The first Protestant services held in Indian Point, of which there is any record, were conducted by Rev. John Crawford, a Cumberland Presbyterian minister, at the home of John Howard in 1848. The Methodists effected an organization at the Pleasant Valley School, under the leadership of Rev. Williams. This was in the Sixties. Services were held occasionally, but the organization did not continue long in Indian Point. The Christian church was first organized at Abingdon in 1840, by Hiram Smith and Richard Johnston. The first church was erected in 1849 at a cost of $1,000. The present church edifice is a beautiful brick veneered structure. The interior decorations are artistries and keeping with the attractive appearance of the exterior. The present pastor, Dr. A.M. Hale, is very popular with his people, whom he has served many years. He is a booster for any worthy cause. The present membership is about 300. At St. Augustine, the Christian church organization was effected in 1868. The number of charter members was 104, of whom only four are living, namely, Dr. P. Harrod, of Avon; J.E. Edmundson of Houston, Texas; Nathan Harrod and L.B. Harrod of Galesburg. The first services were conducted here by Rev. Miller. In 1874, Rev. J.A. Seaton held a revival here, and the membership was increased to 148. The present membership is about 100. In 1870, the church was erected. Among the resident pastors of the church were: Revs. Seaton, Kincaid, Stevens, Dillard and Hiett. The following ministers served here at various times since the organization of the church: Revs. Joseph Royal, J.S. Gash, F.M. Bruner, Knox P. Taylor, W.B. Foster, John Hankins, M. Jones, W. Branch, W.J. Burner, Fed E. Hagan, S.M. Thomas, H.G. Bennett, N.L. Collins, D. Shanklin, Rev. Keefer, Davis, Brannie and Cook.

Its Name

Indian Point took its name from a body of timber extending from Cedar Fork to Section 16. Along the edge of this timber was a favorite camping ground of the Indians, the remains of whose camps were extant long after settlement by the whites. This coupled with the fact that many axes, spears and arrow points were found here, gave rise to the name of Indian Point. By this name of “”Indian Point” the township was christened on Monday, January 14, 1850, when the township organization was perfected. Daniel Meek was elected the first supervisor in 1853. The first meeting of the supervisors was held on April 5, 1853, at Knoxville, then the county seat of Knox County.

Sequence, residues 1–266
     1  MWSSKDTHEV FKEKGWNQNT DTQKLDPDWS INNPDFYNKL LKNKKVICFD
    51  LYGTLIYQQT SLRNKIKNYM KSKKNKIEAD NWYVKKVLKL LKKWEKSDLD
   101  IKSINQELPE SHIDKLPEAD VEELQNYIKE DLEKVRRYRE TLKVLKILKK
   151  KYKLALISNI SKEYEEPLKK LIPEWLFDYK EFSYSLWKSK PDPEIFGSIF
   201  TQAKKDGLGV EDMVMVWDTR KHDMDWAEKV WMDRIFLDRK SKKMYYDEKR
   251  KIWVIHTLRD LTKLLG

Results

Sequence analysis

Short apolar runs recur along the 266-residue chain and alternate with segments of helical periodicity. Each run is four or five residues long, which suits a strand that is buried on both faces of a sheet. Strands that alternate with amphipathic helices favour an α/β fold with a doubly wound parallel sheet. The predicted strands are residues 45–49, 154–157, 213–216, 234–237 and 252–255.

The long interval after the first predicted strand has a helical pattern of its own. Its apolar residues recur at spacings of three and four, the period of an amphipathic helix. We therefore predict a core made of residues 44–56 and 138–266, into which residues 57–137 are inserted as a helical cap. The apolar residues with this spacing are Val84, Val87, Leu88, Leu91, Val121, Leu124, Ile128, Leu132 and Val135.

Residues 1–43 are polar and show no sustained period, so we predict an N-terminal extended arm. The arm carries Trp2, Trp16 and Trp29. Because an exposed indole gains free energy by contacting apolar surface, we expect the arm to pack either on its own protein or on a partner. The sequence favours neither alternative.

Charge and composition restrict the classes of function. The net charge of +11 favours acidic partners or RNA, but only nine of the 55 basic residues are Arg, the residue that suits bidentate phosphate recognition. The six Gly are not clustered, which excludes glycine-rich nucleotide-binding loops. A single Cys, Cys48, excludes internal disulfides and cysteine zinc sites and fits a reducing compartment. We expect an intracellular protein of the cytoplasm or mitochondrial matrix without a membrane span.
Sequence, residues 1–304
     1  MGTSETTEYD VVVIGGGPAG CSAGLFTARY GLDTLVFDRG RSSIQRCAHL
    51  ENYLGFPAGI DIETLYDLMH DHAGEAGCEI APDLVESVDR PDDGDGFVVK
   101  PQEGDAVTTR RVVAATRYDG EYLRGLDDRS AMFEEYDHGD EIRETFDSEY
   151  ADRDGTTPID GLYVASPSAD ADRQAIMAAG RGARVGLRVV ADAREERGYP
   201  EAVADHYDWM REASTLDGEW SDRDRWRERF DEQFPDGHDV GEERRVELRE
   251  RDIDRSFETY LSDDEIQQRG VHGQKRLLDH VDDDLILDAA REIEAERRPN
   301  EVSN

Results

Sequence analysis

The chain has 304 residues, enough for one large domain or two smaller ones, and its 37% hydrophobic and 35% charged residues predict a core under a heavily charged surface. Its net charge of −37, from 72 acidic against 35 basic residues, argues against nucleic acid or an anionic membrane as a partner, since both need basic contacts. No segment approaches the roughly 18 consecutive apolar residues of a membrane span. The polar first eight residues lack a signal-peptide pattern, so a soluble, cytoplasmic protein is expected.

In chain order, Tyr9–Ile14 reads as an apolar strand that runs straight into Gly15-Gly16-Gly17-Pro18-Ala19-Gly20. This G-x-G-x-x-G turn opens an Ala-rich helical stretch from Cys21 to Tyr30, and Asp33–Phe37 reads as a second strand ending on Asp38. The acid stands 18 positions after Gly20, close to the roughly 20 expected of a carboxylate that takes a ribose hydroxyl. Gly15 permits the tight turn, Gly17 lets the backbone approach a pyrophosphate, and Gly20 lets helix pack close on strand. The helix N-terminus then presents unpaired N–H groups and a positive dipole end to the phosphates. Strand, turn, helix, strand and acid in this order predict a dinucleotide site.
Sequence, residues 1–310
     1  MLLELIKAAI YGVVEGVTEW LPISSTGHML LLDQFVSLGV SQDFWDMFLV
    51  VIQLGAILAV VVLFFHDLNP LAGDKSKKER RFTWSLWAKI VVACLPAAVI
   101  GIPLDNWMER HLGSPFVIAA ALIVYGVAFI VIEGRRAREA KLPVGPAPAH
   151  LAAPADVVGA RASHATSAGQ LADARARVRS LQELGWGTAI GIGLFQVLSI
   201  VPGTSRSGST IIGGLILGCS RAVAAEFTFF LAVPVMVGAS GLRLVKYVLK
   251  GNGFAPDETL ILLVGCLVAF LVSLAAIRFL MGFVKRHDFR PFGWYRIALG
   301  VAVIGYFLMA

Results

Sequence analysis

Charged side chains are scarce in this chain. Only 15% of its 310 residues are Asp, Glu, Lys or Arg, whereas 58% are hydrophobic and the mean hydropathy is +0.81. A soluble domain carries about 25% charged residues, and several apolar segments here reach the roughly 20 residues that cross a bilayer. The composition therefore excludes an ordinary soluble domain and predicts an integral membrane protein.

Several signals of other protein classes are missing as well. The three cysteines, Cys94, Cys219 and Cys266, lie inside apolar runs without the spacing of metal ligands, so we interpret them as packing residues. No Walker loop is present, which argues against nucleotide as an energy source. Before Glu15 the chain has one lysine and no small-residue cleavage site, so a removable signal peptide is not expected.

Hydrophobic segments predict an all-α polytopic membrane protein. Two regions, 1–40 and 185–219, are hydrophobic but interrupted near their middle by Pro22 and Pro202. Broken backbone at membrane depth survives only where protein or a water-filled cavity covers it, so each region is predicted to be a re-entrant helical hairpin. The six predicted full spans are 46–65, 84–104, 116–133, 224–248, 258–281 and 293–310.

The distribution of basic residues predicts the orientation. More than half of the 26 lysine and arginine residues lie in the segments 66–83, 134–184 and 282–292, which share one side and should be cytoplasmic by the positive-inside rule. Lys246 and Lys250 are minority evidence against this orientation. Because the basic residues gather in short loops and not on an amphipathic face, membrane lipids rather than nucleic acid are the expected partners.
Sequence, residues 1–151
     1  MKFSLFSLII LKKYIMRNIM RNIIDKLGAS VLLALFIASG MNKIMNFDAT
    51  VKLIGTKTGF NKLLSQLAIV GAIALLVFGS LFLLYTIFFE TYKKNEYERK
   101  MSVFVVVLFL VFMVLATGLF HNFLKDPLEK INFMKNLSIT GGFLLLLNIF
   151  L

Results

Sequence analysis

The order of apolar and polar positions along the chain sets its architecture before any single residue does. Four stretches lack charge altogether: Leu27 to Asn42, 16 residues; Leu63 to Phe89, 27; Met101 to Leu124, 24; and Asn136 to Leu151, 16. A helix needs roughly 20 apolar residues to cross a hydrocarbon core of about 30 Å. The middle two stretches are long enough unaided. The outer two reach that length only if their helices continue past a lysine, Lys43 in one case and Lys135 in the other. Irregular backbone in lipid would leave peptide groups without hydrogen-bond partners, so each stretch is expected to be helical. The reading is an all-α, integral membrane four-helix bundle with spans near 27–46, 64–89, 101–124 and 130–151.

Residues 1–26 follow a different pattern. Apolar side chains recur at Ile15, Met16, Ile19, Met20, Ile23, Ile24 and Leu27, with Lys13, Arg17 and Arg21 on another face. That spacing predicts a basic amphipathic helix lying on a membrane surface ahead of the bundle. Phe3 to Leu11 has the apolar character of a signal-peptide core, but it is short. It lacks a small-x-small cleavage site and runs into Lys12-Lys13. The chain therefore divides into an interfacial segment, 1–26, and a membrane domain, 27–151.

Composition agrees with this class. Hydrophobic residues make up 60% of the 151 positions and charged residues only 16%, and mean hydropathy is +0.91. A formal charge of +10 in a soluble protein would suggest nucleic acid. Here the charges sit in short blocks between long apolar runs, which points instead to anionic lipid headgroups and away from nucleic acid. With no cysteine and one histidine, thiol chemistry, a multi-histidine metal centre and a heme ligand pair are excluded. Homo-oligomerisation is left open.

At the present time Indian Point has the following officials: Willard Tinkham, supervisor; W.H. Clark, town clerk; George L. Hagan, assessor; I.T. Perry, single highway commissioner; W. L. Mills, K.R. Marks and A.C. Fielder, school trustees; W.M. Clark and S. Gray, Justices of the Peace, and S.D. Lomax, constable.
About St. Augustine
St. Augustine is the only municipality lying wholly within the boundaries of Indian Point. It is the oldest town in this section of Illinois. It was originally laid out a half mile south of its present location by Henry and Austin Mattingly on May 6, 1835. The early settlers who located here were principally from Kentucky, Indiana and Ohio. For twenty years business was transacted where the village was originally laid out. Upon completion of C. B. & Q. Railroad from Galesburg to Quincy in 1855, the village was moved to the present site, on account of the improved railroad facilities. Business naturally drifted to the new location. The former location is now known as “Old Town.” Sebastian Pike was the first merchant, Isaac Rubart, the first postmaster, Dr. A. Baldwin, besides being the first physician, was also the first agent for the railway company. Among the pioneer merchants were Clements & Son, Thomas Terry, and Hall & Carbon. Thomas Bake was the first blacksmith. Clements and Smith owned and operated the first lumber yard in 1857. J.G. Gallett and P.H. Smith built the first elevator in 1857. Ten years later the building and contents burned. The only grist mill ever built in Indian Point was erected by Craighton & Ogden at St. Augustine in 1857. Besides making flour and meal, a distillery was run in connection. A few years later, a wool-carding machine was installed. This machine was operated by Henry Livers. During the spring of 1879 the mill and contents burned. While St. Augustine has had several fires, the most disastrous from a business standpoint, was that of April 30 1897. The fire had its origin in a vacant building. It swept all the business buildings on the north side of Sixth Street and left but three on the south side of the street. Buildings of a more substantial nature have since been erected. In April, 1911, the Catholic parsonage burned. The fire was discovered at midnight. It had gained such headway that nothing could be saved. Miss Elizabeth McKeon, the housekeeper, was alone at the time and lost her life.